The Peer to Patent Project, designed by the New York Law School's Institute for Information and Policy and the U.S. Patent and Trademark Office (USPTO), launched its pilot trail in mid June, giving computer-related patent seekers the opportunity to fast-track their patent applications. The Peer to Patent Project allows computer-related patent applicants to post their application online so the public can post links to prior art and vote on the validity of the application during an 18-week comment period. The most valid comments are sent to the USPTO with the applications, which can be quickly processed and thus skip the estimated 40-month waiting period for standard patent approval. Some big technology companies are already submitting patent applications to the Peer to Patent Project, including a cryptography application by IBM, a digital rights management application from Microsoft, and three patent applications from GE. New York Law School research fellow and Peer to Patent Project manager Christopher Wong says with support from major companies such as IBM and GE it is hard to argue against the validity of the project. Wong hopes when the project is completed next year that the USPTO will find a permanent place for the project. Wong says the project specifically focuses on prior art, the largest bottleneck in the approval process.
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Cultural Modeling in Real Time
Science (09/14/07) Vol. 317, No. 5844, P. 1509; Subrahmanian, V.S.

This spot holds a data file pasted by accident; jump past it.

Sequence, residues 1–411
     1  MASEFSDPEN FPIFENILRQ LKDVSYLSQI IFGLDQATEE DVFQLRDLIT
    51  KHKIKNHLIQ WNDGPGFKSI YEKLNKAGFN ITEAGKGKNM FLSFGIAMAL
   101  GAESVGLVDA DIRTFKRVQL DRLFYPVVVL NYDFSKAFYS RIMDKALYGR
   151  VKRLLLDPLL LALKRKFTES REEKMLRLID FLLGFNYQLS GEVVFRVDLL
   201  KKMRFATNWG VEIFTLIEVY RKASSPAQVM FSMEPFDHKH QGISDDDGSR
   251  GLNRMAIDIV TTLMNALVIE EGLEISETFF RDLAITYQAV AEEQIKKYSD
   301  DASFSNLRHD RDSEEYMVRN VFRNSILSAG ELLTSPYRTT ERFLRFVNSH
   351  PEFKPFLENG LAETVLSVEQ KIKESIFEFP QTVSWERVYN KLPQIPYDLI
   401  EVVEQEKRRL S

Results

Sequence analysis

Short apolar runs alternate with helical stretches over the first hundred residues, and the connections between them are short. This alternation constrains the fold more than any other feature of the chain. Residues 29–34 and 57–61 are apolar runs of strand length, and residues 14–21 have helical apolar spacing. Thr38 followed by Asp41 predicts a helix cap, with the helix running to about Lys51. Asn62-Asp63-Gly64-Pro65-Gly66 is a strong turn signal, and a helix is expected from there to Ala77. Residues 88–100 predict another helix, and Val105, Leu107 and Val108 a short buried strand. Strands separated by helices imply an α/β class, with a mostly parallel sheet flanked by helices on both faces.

Policymakers' prediction of political, economic, and social groups' behavior can be aided through the use of computer models under development, according to V.S. Subrahmanian of the University of Maryland Institute for Advanced Computer Studies. Previous behavior models have required a sizable construction effort, involving surveys done by hand or through interviews, or statistics gathered through close observation of subjects. However, such models are inapplicable in politically turbulent regions such as modern-day Sudan or Iraq. Software development is only now starting to tackle the challenge of building behavioral models in real time. Among the tools that can be utilized to model political parties, terror organizations, companies, regulatory bodies, and other entities is the Cultural Reasoning Architecture (CARA), which uses stochastic modeling agents, and The Resource Description Framework Extractor (T-REX) program, which employs socio-cultural-political-economic-religious variables. The last step in the process is to predict the actions of the modeled group's members once a set of determining conditions has been established. "The ability to access real-time information on these topics, to rapidly analyze the possible actions that interested parties might engage in, and to determine how best (e.g., with methods of game theory) to respond, will provide a key tactical advantage to organizations that are entering foreign cultures with goals as diverse as stopping terrorism or improving corporate profits," Subrahmanian concludes.